Around the turn of the millennium, Italian architect and lifetime member of the Italian Senate Renzo Piano planned and created the multi-story carpark at Gleisdreieck.
The result was additional parking space for the traffic expected to flow into Potsdamer Platz; however, it soon transpired that the building was never fully utilized. It was taking up space that was otherwise urgently needed. What was to be done?
KSP Engel stripped down half of the carpark along the tracks of Subway Line 2 and converted it into housing: The buildings at the head and foot of Piano’s structure – two striking, barrel-shaped blocks – were preserved, and between them KSP Engel created a 185-meter-long structure consisting of four six-story housing blocks boasting a curved design that makes them individually discernable.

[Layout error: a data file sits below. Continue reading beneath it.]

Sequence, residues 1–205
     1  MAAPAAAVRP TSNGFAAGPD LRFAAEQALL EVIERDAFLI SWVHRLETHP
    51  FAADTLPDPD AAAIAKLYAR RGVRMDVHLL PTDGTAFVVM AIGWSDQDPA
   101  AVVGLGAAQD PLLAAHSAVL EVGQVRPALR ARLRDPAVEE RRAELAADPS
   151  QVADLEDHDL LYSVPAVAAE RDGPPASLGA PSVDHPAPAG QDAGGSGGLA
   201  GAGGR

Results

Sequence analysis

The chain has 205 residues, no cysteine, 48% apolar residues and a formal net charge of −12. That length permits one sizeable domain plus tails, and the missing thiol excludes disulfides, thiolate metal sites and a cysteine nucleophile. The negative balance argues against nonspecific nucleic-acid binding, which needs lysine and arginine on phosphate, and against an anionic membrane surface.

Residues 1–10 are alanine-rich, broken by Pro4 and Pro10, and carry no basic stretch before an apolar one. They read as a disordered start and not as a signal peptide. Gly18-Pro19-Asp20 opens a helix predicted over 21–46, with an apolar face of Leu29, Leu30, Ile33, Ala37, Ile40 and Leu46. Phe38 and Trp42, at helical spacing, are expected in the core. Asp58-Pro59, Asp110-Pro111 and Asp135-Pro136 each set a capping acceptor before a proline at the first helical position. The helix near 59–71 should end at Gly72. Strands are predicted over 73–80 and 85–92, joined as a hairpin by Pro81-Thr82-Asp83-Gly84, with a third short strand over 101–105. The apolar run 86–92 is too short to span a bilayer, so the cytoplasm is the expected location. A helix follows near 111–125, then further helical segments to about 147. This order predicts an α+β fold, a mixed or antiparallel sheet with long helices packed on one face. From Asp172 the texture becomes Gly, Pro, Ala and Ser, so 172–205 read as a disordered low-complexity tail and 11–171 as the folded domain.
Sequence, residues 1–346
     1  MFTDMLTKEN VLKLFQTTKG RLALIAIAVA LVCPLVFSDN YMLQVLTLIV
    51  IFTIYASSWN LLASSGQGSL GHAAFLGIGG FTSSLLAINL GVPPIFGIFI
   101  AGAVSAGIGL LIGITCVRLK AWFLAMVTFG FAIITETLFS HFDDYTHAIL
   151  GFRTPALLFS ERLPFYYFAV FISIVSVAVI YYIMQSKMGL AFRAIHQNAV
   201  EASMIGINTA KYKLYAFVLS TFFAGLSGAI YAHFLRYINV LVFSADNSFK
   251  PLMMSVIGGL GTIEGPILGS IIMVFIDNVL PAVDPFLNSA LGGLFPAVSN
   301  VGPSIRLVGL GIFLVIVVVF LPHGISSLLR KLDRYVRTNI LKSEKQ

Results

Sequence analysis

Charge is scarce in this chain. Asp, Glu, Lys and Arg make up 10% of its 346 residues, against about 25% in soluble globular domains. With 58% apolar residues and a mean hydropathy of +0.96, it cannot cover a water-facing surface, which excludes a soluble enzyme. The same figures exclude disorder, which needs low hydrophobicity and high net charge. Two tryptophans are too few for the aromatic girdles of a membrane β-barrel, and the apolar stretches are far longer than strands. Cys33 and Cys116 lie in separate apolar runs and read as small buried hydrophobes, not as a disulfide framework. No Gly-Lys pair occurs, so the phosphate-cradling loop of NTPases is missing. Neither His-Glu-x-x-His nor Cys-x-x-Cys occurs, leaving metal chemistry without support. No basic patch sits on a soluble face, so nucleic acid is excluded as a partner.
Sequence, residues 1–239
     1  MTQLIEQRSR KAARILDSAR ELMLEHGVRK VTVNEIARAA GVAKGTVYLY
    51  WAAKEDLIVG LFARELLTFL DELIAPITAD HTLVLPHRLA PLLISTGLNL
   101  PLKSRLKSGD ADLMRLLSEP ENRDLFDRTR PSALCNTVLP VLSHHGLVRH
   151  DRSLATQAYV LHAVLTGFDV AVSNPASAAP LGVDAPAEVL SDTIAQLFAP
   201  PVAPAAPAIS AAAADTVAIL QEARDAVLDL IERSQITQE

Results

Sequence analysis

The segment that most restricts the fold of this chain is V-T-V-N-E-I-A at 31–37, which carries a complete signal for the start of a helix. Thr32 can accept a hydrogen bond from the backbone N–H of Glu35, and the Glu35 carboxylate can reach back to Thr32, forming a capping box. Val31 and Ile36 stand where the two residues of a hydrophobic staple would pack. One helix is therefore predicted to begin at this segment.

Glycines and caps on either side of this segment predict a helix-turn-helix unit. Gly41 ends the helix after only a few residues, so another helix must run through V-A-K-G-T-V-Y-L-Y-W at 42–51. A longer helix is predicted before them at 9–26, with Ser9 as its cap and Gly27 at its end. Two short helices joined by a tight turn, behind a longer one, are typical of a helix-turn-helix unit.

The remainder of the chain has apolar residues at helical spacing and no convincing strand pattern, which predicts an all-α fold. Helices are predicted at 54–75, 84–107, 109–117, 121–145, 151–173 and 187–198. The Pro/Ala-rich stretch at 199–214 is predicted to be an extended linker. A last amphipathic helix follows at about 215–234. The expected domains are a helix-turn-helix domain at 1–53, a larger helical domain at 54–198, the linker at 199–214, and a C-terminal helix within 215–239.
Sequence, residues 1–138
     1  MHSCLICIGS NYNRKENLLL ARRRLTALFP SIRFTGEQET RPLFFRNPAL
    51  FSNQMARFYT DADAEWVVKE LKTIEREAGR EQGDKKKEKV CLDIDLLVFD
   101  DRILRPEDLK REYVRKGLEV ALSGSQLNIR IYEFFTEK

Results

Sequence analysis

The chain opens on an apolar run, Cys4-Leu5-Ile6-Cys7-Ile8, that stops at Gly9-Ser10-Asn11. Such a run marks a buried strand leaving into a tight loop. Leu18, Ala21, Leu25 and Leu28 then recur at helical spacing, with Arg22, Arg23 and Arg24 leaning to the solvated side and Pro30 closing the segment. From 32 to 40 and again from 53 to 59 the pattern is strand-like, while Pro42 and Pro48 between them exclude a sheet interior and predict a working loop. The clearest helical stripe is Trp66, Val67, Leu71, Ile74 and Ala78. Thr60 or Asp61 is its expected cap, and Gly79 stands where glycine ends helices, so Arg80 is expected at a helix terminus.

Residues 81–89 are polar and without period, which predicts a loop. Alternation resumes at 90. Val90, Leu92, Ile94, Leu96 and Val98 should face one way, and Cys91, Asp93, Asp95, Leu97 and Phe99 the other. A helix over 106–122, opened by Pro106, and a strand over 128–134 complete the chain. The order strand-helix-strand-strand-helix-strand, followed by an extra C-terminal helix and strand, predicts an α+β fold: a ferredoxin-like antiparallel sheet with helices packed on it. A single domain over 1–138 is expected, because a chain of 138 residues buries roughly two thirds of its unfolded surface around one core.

The balconies are slanted so that they face the sun and the green space of the Gleispark, with the result being quiet, light-flooded inner courtyards at the rear with vertically greened fire- and noise-insulating walls. These spaces are for communal use and shield the apartments from external influences – little oases in Berlin’s Mitte district.
The apartments in the former carpark vary in size, but they all have one thing in common: a terrace or a striking, curved balcony. The very bottom and the very top are particularly homely: The ground floor boasts family-friendly maisonettes with gardens, while the exclusive penthouses on the fifth floor have access to a large, greened roof terrace – with a spectacular view over the Gleispark.